Online career education in respiratory therapy is available through both associate's and bachelor's degree programs in the field. These education programs generally include a mixture of virtual classroom instruction, usually via video or web conferencing, and extensive on-site clinical training.
|Online Availability||Blended format|
|Degree Levels Available||Associate's, bachelor's|
|In-Person Requirements||On-site clinical training|
Associate of Science of Respiratory Therapy
An online associate's degree program in respiratory therapy typically takes about 2 years of full-time study to complete and includes both classroom instruction online and school-approved clinical training, which commonly takes place at a hospital or healthcare facility near the student. Successful completion of the program qualifies graduates to take both the entry-level Certified Respiratory Therapist (CRT) and the advanced level Registered Respiratory Therapist (RRT) exams through the National Board for Respiratory Care.
Some common courses at this level include:
- Respiratory care theory and practice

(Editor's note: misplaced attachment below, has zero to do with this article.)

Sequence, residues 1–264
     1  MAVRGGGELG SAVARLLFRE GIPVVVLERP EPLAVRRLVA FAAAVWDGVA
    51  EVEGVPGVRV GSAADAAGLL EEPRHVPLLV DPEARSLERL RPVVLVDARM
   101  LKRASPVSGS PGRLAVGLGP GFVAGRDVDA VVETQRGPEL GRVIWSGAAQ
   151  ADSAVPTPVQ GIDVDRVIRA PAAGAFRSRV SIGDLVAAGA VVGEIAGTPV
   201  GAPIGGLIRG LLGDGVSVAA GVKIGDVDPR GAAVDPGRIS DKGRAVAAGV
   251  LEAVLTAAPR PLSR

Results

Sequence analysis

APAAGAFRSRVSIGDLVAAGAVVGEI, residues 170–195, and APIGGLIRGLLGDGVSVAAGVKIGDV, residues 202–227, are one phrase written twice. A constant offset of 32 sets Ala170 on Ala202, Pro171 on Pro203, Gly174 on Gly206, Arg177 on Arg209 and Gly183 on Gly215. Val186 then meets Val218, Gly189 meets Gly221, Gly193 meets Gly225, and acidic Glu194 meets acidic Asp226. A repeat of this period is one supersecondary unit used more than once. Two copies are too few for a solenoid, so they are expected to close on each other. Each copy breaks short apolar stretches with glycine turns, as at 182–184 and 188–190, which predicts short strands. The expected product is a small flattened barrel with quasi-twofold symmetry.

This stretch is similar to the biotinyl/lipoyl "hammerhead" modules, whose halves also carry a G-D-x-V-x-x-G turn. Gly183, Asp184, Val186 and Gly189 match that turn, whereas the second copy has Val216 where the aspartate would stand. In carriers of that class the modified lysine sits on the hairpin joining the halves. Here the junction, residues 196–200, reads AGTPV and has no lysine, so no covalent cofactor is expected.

- General science
Bachelor of Science in Respiratory Therapy
Respiratory therapy professionals can pursue a bachelor's degree for career advancement opportunities beyond those provided by an associate's degree. Program length can depend on the institution and prior academic experience of the student, lasting anywhere from 2-4 years. Graduates of an accredited respiratory therapy bachelor's degree program are eligible to seek the National Board for Respiratory Care's RRT credentials, state licensure and Respiratory Care Practitioner (RCP) specialty certification.
The curriculum of online bachelor's degree programs focuses on essential skills and knowledge of a respiratory practitioner in a management role. Classes can include:
- Cardiopulmonary pharmacology
- Lung hyperinflation therapy
- Pulmonary function testing
The field of respiratory therapy includes both respiratory therapists and respiratory technicians. Normally respiratory therapists have more education and experience than a respiratory technician and are licensed to practice in the state where they work. Each respiratory care professional evaluates and treats patients who have cardiopulmonary disorders and breathing issues. The majority of respiratory therapists and technicians work in general medical and surgical hospitals. Many employers require that entry-level respiratory therapy job applicants hold an associate's degree, while others may require a bachelor's degree.